- A faster and more secure way to acquire prescriptions, confirm in-person appointments and a method of tracking patients who enter and exit the hospital and/or clinic.
Unlike many other Telehealth Apps, our application prides itself on its innovative QR code functionality containing their OHIP ID; given that this makes it faster for a patient to identify themselves and pick up a prescription and/or confirm their in-person appointment, as well as accommodate a more secure firewall to the patients’ identities owing to the fact that patients’ data will be encrypted and virtually inaccessible to hackers."
Our project is a research-based project focused on detecting the onset of muscle fatigue in people during their exercise time. The stages in our project include acquisition phase, feature extraction phase and comparison phase. In the acquisition phase, myoware sensor will be used to acquire the raw EMG signal during muscular activity from the biceps (brachial muscle) where the surface electrodes are placed. The sensor data is transferred to the PC using the Arduino UNO as interface. In the feature extraction phase, here the acquired raw EMG signal will be preprocessed to extract the useful signal that can be used for classification. As the muscle is contracting during the fatigue stage, there is change in EMG amplitude and a shift of the frequency spectrum to different values. This can be extracted and used in the comparison phase; the muscle state should be classified as fatigue and non-fatigue to identify the difference.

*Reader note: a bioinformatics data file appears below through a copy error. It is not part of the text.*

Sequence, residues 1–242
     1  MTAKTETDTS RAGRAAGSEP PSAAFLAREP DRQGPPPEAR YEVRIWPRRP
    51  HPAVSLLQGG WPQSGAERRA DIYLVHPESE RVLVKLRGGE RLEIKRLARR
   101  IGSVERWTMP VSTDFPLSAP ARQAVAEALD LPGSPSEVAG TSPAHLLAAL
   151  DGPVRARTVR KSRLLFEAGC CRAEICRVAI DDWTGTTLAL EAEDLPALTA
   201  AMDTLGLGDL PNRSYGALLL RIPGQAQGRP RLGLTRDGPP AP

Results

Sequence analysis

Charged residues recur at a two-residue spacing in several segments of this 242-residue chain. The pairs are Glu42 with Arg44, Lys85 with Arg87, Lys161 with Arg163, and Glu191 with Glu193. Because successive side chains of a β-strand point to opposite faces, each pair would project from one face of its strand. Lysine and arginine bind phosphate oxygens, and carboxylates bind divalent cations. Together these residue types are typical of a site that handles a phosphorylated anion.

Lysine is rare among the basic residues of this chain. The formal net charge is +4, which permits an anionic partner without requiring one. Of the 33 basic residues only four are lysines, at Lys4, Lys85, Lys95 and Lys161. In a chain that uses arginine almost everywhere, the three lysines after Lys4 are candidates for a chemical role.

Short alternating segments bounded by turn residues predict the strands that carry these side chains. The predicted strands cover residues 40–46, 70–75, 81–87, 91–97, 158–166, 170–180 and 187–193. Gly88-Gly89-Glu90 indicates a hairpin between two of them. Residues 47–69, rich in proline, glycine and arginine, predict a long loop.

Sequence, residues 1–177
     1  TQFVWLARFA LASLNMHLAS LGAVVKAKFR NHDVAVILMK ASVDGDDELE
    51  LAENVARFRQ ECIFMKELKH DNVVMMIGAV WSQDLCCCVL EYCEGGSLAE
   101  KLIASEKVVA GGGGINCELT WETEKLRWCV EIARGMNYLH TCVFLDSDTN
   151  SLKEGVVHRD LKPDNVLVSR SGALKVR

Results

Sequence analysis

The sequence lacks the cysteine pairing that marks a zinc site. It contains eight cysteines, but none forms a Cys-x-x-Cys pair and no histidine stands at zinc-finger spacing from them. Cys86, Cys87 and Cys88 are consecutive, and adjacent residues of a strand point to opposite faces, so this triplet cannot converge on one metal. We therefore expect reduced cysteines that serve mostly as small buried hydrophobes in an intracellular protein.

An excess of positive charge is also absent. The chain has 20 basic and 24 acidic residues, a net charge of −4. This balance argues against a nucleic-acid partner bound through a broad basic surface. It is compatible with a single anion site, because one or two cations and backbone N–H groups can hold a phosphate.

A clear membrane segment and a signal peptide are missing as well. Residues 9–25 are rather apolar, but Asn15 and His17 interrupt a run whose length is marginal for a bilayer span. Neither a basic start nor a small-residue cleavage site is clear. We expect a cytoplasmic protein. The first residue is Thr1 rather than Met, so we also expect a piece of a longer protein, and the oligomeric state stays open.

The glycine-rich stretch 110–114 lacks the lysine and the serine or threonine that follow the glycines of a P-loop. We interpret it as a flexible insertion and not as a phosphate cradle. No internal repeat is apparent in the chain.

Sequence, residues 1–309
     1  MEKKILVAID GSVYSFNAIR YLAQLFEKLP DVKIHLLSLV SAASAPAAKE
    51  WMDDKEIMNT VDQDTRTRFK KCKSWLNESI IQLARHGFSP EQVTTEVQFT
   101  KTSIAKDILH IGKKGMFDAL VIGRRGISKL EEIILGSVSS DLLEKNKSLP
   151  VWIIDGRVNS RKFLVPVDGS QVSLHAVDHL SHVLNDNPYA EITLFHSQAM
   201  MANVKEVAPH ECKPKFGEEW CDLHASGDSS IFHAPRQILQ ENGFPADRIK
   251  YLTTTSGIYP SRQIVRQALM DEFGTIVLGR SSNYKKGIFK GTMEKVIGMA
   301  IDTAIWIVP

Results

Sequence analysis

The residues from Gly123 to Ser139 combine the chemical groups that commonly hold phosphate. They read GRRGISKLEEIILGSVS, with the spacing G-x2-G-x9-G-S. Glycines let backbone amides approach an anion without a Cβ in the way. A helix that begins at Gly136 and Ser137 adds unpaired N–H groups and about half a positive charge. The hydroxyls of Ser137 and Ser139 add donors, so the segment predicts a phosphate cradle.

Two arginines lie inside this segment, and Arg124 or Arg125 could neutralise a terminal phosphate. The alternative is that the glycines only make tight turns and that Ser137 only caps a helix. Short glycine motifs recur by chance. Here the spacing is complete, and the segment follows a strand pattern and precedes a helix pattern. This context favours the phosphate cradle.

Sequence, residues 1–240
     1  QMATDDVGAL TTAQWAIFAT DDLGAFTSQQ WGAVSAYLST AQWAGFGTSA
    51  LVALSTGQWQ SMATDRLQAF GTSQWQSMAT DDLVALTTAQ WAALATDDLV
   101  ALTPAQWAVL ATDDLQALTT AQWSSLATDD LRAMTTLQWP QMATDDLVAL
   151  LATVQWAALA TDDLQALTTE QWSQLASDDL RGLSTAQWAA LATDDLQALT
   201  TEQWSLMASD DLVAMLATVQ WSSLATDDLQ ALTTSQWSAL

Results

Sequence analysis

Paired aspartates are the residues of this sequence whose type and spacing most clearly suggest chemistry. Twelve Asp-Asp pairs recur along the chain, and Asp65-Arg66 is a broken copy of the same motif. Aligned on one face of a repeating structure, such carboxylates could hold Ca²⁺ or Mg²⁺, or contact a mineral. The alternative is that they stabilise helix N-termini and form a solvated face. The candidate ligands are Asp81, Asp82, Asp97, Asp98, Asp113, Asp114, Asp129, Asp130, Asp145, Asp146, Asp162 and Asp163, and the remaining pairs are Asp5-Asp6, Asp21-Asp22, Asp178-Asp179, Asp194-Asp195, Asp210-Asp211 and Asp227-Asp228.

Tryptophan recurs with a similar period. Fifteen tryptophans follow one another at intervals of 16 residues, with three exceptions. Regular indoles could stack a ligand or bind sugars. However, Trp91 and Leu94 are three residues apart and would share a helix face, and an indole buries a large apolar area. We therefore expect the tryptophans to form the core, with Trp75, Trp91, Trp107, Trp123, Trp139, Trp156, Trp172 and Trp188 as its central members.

"The endotracheal tube used as an artificial airway to provide invasive mechanical ventilation has a small cuff that seals the airway to allow positive pressure ventilation. The endotracheal tube cuff (ETT-cuff) must be sustained inflated within the recommended pressure range (20–30 cmH2O) to minimize risks of clinical complications, such as tracheal injury when the pressure is too high, or impaired ventilation and ventilator-associated pneumonia when the pressure is too low.